Small and multifunctional electronics modules integrating passive components including electricity generation and storage are needed in next-generation personal terminals like smartphones. A passive component may consist of various ceramics such as BaTiO3, Al2O3, and ZnO, and metal for wiring. Because ceramics are typically fired at temperatures greater than 1000°C, it is difficult to incorporate high-temperature ceramics with low-resistivity, low-melting-point metals such as Cu with a melting point of 1083°C.
Now, researchers at Fujitsu Laboratories Ltd. in Japan have found that a dense, thick, and organic-binder-free ceramic film consisting of stress-free nanoparticles could be obtained at room temperature by making use of the unstable and high-surface energy amorphous phase on the surface of particles that are produced in the deposition process for bonding the particles.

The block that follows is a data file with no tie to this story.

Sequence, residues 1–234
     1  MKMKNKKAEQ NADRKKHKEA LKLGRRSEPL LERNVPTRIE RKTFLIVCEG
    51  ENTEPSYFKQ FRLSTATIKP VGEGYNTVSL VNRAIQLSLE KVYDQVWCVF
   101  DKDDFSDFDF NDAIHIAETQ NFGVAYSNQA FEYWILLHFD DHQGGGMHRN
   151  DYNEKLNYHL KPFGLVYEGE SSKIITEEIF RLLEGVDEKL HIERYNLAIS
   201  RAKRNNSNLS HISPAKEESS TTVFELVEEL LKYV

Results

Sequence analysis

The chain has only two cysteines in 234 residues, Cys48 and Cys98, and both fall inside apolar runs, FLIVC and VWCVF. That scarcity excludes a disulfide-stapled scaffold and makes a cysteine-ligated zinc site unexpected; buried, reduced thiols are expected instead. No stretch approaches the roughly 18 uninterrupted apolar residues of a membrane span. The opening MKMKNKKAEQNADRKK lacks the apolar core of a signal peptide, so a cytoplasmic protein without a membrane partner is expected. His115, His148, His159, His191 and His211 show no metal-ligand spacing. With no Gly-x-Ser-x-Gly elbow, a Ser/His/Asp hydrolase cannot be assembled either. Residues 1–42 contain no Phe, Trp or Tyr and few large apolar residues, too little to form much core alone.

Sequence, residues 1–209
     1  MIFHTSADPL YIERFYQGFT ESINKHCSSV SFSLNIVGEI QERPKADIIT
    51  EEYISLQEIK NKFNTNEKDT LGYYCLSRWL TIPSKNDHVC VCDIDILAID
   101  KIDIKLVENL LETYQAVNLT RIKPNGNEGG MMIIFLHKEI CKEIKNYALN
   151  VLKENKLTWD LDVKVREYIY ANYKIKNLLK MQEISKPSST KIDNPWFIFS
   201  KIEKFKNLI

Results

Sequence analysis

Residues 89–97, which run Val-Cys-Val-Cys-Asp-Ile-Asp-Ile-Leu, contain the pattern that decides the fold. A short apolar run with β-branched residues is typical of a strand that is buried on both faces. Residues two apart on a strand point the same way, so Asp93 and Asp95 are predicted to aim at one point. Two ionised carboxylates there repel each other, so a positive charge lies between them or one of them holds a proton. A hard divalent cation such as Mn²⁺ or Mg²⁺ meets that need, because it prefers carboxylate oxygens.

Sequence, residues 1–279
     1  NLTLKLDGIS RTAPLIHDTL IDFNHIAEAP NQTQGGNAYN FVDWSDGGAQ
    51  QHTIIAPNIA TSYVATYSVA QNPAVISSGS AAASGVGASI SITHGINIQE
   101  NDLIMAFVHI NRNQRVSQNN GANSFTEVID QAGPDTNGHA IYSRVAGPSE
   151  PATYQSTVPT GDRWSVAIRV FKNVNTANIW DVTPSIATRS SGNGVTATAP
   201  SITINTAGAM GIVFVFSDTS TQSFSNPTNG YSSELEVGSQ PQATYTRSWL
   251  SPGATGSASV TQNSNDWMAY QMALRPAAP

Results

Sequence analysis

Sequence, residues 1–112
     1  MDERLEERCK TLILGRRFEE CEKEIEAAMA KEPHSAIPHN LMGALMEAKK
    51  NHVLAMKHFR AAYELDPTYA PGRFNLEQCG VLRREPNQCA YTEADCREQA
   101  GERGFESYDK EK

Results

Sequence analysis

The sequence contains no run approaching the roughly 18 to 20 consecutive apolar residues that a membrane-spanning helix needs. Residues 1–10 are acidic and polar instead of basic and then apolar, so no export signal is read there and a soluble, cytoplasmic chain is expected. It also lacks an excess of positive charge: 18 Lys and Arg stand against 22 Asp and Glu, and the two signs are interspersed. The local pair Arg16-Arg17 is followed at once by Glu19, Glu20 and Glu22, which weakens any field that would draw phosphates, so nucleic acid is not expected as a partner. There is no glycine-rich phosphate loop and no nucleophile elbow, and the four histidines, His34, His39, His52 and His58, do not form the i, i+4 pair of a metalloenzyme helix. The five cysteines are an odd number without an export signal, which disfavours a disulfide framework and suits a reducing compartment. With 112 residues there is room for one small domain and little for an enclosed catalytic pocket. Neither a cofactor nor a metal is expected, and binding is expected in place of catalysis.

Photolithography and wet etching for patterning and processing can be adapted to the thick ceramic green-state film. The sintering of the film takes place at temperatures lower by 500°C compared with bulk ceramics, while having the same electrical properties as bulk ceramics. They demonstrate that a multilayered structure consisting of various ceramics with different sintering temperatures and Cu wiring can form on a Cu foil below 1000°C. Their methodology could be expanded to energy storage devices and flexible electronics applications.